This report aims to identify the physical and mental symptoms of the menopause and explain the use and potential side effects of frequently used pharmaceutical drugs to assist in relief of the symptoms. Natural relief of symptoms are also described. This article doesn’t aim to describe all the psychological or physical features of the menopause, these can be dealt with in a subsequent article.
The menopause usually affects women between the ages of 40-50 years. The menstrual cycle becomes irregular about 5-7 years prior to the start of the menopause. Nearer the onset the amount of cycles where ovulation doesn’t occur increases. During the menopause that the woman may experience dryness of the vagina. This may result in inflammation and an increased risk of disease.
A reduction in libido is generally experienced, yet some women get a rise. Some women suffer from hypertension (high blood pressure). Hot flashes are common due to by an decrease in estrogen levels. Psychological Symptoms Of The Menopause. The emotional symptoms were, for several years, dismissed by many Doctors and Physicians.
However, they’ve discovered to be actual, usually associated with reduced estrogen levels. Symptoms may include irritability, fatigue, anxiety, and severe emotional disturbances.
Hormone replacement therapy. Estrogen: Estrogen is used to deal with’hot flashes’ (sometimes called’hot flushes’) in women that are experiencing menopause. Some brands of estrogen can also be utilized in the treatment of vaginal dryness, itching, or burning, or to prevent osteoporosis. However, women who want a medication simply to treat vaginal dryness or just to prevent osteoporosis should look at a different treatment. Side effects of estrogen include increased risk of endometrial cancer, and vaginal bleeding among others.
Progestogen is used to modulate the effects of estrogen and are often prescribed together. In women with a uterus, the addition of a progestogen cyclically (for a minimum of 10 times per 28-day cycle) reduces the further risk of endometrial cancer; this extra risk is removed if a progestogen is given continuously. However, this should be weighed against the increased risk of breast cancer.
Oestrogen is given systemically in the perimenopausal and postmenopausal period. Menopausal atrophic vaginitis may respond to a brief course of a topical vaginal oestrogen preparation. Systemic treatment with an oestrogen or medication with oestrogenic properties alleviates the symptoms of oestrogen deficiency like vasomotor symptoms.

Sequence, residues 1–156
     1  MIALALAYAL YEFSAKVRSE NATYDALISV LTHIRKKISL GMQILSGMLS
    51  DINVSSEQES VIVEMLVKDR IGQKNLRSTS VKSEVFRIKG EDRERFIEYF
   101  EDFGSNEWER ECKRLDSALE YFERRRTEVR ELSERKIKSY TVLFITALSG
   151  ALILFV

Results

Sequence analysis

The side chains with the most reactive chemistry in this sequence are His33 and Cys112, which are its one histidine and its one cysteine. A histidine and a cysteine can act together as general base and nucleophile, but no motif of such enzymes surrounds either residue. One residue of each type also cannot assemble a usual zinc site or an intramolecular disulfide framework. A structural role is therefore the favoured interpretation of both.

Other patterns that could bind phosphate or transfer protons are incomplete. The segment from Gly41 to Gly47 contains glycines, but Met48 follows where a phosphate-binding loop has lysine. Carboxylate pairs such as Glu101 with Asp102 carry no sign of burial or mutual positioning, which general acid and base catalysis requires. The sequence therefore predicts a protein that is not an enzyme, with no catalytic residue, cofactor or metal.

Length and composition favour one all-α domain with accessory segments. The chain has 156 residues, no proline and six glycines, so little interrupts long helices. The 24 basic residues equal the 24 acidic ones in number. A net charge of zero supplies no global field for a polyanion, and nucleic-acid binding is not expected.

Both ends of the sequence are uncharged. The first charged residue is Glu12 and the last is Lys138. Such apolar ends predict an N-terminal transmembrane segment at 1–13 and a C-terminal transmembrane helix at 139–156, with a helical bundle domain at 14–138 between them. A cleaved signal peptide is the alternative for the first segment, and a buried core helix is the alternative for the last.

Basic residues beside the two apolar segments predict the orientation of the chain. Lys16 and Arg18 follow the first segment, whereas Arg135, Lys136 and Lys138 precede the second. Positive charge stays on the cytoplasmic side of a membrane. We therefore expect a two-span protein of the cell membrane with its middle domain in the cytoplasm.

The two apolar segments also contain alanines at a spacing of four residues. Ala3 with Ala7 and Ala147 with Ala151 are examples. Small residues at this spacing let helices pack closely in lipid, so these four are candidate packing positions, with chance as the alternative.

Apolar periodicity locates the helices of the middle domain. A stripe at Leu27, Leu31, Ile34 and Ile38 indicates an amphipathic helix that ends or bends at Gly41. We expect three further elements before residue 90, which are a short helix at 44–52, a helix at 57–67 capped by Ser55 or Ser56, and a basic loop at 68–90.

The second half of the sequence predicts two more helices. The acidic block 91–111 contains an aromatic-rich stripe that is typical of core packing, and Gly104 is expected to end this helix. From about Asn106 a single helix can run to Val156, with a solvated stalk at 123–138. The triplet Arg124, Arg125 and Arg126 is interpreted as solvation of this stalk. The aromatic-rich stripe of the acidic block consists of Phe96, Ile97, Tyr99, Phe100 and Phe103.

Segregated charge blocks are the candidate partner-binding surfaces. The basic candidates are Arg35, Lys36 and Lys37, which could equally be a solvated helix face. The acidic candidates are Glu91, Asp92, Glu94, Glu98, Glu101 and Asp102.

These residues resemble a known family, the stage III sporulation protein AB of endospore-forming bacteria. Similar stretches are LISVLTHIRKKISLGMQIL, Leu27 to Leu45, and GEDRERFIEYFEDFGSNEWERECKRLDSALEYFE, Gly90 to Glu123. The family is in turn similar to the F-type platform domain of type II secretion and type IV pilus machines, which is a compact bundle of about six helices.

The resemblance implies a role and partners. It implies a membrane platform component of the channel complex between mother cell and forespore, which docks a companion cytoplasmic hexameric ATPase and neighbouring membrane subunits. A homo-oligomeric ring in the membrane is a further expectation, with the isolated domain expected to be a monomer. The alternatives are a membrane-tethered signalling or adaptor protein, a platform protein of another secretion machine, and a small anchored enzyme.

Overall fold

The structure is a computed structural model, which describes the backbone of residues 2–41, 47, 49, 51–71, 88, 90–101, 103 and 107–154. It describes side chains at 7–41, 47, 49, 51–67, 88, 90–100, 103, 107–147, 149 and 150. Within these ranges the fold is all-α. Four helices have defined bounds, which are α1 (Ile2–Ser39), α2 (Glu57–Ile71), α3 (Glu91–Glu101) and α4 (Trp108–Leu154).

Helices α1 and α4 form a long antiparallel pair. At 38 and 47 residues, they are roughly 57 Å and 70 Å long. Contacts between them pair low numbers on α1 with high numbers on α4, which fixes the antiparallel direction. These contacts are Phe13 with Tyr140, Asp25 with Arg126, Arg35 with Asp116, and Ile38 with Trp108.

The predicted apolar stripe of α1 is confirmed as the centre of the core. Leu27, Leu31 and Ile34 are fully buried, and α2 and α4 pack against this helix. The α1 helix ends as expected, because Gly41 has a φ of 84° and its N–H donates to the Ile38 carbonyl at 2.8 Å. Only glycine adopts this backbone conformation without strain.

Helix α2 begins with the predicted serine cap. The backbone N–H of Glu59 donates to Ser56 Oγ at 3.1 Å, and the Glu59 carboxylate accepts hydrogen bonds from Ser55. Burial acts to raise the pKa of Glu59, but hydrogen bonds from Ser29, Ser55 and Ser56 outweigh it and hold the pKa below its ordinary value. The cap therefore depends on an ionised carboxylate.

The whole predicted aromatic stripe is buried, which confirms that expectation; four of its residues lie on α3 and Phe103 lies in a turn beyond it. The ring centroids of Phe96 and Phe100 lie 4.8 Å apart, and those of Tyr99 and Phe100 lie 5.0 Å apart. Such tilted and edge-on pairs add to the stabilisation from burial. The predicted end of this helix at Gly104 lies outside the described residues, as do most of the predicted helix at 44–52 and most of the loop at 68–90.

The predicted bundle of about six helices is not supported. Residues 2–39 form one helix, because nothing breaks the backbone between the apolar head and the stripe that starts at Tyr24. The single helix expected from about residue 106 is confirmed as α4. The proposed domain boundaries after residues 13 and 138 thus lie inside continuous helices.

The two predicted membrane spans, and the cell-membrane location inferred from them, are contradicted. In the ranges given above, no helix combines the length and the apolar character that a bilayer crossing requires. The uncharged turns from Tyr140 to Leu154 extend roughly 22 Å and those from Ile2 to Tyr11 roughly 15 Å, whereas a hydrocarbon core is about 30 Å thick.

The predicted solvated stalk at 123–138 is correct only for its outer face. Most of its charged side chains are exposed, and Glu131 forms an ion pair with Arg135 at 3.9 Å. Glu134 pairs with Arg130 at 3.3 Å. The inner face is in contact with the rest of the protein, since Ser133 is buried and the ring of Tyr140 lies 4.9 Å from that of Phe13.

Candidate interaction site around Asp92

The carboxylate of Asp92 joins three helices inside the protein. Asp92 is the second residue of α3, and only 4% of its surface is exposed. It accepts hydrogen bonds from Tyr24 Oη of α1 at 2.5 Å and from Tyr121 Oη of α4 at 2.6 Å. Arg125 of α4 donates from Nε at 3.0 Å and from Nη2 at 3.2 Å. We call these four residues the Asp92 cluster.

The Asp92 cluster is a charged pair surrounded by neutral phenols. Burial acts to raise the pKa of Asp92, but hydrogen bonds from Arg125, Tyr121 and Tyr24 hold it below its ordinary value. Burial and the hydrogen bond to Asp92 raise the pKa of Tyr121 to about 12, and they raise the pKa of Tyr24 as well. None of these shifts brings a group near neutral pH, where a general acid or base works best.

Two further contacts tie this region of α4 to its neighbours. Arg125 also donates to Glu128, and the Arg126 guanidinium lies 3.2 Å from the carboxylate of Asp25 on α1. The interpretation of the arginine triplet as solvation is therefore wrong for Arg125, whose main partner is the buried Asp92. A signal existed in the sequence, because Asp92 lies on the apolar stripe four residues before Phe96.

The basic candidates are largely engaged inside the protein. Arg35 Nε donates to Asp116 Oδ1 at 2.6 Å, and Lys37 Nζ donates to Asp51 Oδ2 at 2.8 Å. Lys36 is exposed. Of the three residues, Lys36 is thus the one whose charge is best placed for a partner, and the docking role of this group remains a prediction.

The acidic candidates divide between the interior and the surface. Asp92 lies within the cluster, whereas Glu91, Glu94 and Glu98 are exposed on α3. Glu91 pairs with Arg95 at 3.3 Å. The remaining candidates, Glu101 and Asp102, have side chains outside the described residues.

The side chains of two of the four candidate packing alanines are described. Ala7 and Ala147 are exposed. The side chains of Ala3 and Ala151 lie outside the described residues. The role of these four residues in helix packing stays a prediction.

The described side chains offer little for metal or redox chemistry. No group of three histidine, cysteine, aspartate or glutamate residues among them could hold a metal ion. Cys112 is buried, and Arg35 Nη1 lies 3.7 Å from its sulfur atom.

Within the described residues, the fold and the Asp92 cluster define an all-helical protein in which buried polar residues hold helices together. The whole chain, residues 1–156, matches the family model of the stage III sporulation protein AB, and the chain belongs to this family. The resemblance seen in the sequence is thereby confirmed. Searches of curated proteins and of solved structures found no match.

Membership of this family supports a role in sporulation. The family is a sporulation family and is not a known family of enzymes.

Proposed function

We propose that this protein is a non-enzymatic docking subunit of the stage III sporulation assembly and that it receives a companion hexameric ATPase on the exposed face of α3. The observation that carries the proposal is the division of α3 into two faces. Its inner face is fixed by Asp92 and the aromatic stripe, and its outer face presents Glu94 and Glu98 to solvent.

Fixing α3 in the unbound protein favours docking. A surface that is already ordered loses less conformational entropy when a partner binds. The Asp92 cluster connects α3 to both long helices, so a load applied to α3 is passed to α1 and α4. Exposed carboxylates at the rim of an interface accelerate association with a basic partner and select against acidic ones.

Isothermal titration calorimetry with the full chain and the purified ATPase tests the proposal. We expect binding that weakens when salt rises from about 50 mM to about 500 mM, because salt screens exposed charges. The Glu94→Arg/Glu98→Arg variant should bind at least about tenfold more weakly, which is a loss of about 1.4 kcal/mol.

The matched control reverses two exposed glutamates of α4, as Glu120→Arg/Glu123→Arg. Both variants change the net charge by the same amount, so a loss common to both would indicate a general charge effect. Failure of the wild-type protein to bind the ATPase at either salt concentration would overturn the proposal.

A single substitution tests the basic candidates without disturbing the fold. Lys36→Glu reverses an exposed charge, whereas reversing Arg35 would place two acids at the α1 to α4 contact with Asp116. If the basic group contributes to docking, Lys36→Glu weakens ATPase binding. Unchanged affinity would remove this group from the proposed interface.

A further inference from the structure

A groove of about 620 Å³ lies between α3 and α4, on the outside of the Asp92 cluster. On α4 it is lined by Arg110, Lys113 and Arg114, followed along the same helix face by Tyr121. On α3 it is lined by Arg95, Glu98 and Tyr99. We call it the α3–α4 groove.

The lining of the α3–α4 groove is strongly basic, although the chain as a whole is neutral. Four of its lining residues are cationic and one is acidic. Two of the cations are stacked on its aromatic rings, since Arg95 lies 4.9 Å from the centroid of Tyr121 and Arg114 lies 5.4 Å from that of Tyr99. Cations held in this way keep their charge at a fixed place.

Tibolone given in the postmenopausal period also diminish postmenopausal osteoporosis. Tibolone unites oestrogenic and progestogenic effect and it is given continuously, without cyclical progestogen. Tibolone increases the risk of breast cancer.
Clonidine could be used to decrease vasomotor symptoms in women who aren’t able to take an oestrogen, but clonidine might cause unacceptable side-effects. HRT increases the risk of venous thromboembolism, stroke, endometrial cancer ( which could be reduced by a progestogen), breast cancer, and ovarian cancer. Women who start combined HRT over 10 years after menopause have an increased chance of cardiovascular disease. Women using combined or oestrogen-only HRT are at a higher risk of deep vein thrombosis (commonly DVT) and of pulmonary embolism particularly in the first year of use. An oestrogen could be given orally or it could be given by subcutaneous or transdermal administration (patch).
In women who have a personal or family history of deep vein thrombosis or pulmonary embolism, severe varicose veins, obesity, the use of HRT has to be given careful consideration. Like all medications, HRT has side effects yet has helped many women through the’change’ (menopause).
Vitex agnus-castus. Clinical studies have proven that these berries work on the pituitary gland and help stabilise hormone alterations so helping menopausal symptoms.
Czarny bez (Black Cohosh)
Cimicifuga racemosa. The principal use of black cohosh extract is for alleviation of menopausal symptoms. It’s been widely researched, particularly in Europe, for its ability to alleviate the symptoms associated with menopause. While black cohosh is usually considered safe, individuals with liver disease or a family history of liver disease should consult their physician before taking black cohosh.
Turnerna diffusa. This shrub historically been used as an aphrodisiac and has been claimed to induce euphoria.
Angelica sinensis. Dang gui functions as a phytoestrogen and contains similar, but milder, effects of oestrogen. Dang gui also can help support the cardiovascular system, which may of aid to menopausal women suffering hypertension (high blood pressure).
Soy contains natural plant estrogens called phytoestrogens. These are weaker than human estrogens However, studies show they behave similarly in the human body. In the body, phytoestrogens help balance a woman’s estrogen level.
Vitamin E is an antioxidant. Studies have been done that indicate it can help alleviate hot flashes and postmenopausal vaginal dryness and it’s been popular for that purpose ever since.